In England during the 17th century under King James I, soap makers were given 'special privileges' and the soap industry started developing more rapidly, although soaps were generally still made using caustic alkalies such as potash, leached from wood ashes and from carbonates from the ashes of plants or seaweed. The soaps made in this way were harsh and often rather unpleasant.
Soap as we know it today did not come about until the 18th century, when Nicholas Le Blanc, a Frenchman, discovered a reliable and inexpensive way of making sodium hydroxide (caustic soda), or lye as it is known to the soap maker, which forms the base with which soaps are made to this day.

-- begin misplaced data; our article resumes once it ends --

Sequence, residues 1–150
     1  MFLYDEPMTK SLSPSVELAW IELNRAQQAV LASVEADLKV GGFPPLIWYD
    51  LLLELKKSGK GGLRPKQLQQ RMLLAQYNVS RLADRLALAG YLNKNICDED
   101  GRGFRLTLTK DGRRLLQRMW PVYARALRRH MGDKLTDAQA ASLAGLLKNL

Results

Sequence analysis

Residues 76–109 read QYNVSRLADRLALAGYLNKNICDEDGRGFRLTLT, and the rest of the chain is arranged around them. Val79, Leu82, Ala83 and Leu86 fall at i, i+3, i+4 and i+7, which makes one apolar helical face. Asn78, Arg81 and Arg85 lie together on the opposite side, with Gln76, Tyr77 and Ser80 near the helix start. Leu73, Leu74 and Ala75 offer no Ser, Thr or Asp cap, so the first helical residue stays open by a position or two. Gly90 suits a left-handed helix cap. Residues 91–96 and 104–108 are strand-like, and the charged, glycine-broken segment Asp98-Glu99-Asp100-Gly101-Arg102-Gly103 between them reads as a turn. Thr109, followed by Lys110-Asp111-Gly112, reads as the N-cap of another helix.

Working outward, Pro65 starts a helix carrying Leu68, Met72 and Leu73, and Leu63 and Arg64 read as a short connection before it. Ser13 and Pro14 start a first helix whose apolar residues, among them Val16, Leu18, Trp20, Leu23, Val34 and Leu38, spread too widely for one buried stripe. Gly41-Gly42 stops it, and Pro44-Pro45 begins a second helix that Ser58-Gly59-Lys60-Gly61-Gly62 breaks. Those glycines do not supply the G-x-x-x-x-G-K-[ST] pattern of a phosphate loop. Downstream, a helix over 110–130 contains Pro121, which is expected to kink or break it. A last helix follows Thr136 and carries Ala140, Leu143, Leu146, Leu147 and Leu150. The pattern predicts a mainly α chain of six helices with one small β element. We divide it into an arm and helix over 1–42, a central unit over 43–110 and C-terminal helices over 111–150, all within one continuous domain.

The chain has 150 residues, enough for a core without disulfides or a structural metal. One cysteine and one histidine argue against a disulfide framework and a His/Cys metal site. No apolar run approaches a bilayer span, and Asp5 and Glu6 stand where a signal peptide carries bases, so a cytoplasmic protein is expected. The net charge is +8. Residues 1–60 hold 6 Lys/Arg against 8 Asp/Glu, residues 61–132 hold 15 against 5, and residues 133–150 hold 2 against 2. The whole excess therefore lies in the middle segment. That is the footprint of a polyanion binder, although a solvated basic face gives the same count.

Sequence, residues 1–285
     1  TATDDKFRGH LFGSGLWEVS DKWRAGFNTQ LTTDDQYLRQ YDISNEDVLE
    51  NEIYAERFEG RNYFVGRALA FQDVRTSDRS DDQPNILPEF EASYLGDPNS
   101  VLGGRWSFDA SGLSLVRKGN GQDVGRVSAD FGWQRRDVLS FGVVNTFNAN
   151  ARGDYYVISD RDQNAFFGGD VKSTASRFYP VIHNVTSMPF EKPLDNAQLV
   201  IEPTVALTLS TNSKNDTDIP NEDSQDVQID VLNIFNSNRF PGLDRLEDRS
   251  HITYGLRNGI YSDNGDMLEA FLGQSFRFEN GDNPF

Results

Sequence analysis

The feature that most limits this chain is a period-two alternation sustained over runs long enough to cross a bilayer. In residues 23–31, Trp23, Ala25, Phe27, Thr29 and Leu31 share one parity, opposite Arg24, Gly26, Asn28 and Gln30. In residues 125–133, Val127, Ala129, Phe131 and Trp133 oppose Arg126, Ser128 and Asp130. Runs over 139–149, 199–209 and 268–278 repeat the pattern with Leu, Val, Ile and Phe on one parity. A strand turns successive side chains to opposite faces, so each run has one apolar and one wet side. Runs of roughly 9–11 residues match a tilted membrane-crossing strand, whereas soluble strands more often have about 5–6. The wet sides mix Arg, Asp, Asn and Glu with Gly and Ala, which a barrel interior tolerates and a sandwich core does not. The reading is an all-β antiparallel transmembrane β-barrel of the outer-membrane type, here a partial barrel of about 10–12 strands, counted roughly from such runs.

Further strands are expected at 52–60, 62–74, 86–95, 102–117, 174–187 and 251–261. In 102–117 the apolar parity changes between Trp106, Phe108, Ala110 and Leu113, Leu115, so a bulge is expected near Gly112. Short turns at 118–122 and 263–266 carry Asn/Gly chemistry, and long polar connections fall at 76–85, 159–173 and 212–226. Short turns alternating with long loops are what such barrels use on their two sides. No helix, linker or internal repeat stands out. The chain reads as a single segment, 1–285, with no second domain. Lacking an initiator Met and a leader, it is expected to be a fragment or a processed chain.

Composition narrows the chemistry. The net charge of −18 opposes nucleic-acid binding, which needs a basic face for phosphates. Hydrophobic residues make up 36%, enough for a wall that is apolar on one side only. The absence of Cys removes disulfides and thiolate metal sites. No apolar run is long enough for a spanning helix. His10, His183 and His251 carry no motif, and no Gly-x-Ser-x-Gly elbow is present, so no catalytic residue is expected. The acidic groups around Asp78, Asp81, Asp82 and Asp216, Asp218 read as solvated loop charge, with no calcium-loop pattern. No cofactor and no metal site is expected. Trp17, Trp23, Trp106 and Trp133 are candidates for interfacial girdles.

Further developments in soap making were pioneered in Britain during the late 18th century with the invention of 'Transparent' soap by Andrew Pears, the son of a Cornish farmer. This refined soap was known then as it is now as Pears Transparent Soap.
Over the years and to the present day, opaque soaps have remained the favourite, mainly because transparent soaps tend to be more expensive and also don't last as long.